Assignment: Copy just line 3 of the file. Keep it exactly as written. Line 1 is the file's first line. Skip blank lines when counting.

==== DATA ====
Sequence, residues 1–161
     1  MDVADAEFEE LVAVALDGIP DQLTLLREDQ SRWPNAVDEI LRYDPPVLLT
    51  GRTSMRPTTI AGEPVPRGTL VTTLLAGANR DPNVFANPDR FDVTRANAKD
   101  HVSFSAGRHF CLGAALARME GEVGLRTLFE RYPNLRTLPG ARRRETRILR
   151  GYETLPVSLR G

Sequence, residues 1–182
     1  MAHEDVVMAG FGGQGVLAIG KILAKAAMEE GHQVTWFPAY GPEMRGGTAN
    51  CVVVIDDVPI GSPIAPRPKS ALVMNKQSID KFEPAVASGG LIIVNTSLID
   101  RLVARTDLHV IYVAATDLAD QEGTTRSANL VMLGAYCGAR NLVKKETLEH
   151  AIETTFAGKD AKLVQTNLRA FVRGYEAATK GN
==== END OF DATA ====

    51  GRTSMRPTTI AGEPVPRGTL VTTLLAGANR DPNVFANPDR FDVTRANAKD